A police boat slid into a secluded nook ringed by trees across the High-Rise Bridge on Interstate 64. Onboard, two divers dressed in full gear sat on the stern while two officers and a paramedic stood.
The boat pulled up near a pair of divers who swam up at a spot locals know as "the Cove."
The divers took off their flotation vests underwater and hoisted them up to the paramedic and an officer, dumping water that
left muddy trails on the sides.
"It's a little heavier than I anticipated," said firefighter/paramedic David Jacob, pulling the vest.
Jacob isn't a rescue diver, but he's a member of the police department's dive team.
Jacob is one of four paramedics who joined the police department's Underwater Search and Recovery Team after the Dec. 20 death of police diver Timothy Schock. He drowned during practice after two equipment malfunctions.
Dive operations were suspended for more than four months until divers got new equipment and more training. The paramedics have become an integral part of the team since the spring, when the dive team resumed operations.
The job of the paramedics is to spot problems before it's too late: heart complications, air embolisms and decompression sickness can all pose problems for divers.
The paramedics also are there to treat whatever victims divers may encounter.
To date, medics mostly have dealt with more minor health issues like jellyfish stings and cuts.
But they also make sure the divers stay healthy and nag them to drink water, especially on hot days.
"We end up being more like these guys' moms in a lot of cases," said Lt. David King, a paramedic for 22 years.
The dive team practices twice a month, and at least one medic, if not more, attends practices.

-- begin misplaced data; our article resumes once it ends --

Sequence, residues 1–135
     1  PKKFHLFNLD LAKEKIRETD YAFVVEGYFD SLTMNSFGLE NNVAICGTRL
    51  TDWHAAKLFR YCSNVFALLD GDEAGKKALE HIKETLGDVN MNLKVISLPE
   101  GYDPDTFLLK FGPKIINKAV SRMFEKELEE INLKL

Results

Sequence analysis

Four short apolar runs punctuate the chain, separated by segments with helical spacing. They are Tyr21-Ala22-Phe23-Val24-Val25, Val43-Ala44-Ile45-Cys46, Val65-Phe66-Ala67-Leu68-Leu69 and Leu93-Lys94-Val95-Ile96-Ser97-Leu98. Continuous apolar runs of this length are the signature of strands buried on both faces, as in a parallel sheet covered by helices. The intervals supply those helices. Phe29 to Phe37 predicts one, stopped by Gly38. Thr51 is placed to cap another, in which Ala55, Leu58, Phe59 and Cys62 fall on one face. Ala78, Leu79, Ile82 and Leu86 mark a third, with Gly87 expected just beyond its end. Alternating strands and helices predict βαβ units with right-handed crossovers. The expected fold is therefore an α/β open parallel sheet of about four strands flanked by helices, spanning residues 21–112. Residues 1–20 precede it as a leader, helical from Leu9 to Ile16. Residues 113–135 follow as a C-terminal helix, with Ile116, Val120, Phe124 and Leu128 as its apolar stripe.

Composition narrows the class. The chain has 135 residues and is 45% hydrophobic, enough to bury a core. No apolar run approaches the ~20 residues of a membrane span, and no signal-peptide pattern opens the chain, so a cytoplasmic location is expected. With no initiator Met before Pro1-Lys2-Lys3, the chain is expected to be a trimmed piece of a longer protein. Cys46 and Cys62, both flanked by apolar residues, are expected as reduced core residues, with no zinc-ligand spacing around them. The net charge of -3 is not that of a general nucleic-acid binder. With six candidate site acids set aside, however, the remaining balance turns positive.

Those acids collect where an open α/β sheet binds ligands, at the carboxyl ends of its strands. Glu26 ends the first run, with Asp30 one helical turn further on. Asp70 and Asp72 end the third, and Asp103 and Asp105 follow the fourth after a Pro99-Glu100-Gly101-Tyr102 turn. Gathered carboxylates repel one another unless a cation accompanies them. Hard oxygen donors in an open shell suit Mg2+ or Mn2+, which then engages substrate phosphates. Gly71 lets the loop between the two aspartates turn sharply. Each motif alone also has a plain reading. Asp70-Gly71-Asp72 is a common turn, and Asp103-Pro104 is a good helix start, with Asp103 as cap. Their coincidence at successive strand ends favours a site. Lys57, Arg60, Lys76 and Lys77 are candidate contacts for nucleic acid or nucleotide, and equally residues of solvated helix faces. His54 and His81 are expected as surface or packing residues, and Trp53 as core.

"We're primarily there for them," Jacob said, adding that being part of the team helps medics recognize nonverbal signs for help. "If we would have to provide care, we have a better connection."
Though medics don't suit up with divers, they have become an "extra set of hands," having learned basic skills such as operating a boat and guiding divers who are underwater with a rope, King said.
"In the event we're one of the first people there, they can go right to work," he said.
About the only downside to the partnership is that the firefighters' overtime pay is in jeopardy, affecting how many of the medics may end up participating in rescues or training.
They recently were told to cut back, which could mean only one paramedic responds to training or a real-life emergency.
"Two medics is your best-case scenario," King said. "We're still trying to figure out how we're going to respond to it."
During training at the site of a recent drowning, three of the four paramedics participated in practice.
A few miles away, King and paramedic Tony Stewart waited at Chesapeake Yachts, at the end of Millville Road. It was the closest launching site to the Cove.
Before becoming a firefighter in Chesapeake 13 years ago, King had gone through the police academy with another police diver and he also had served as a SWAT medic.
"The majority of the guys I knew," he said. "They took us in from Day One and haven't treated us differently than anyone else."
Jacob said he enjoys being on the team.
"It's a great group of guys," Jacob said of his team members. "They work really well together. They have a good bond and I'm glad to be part of it."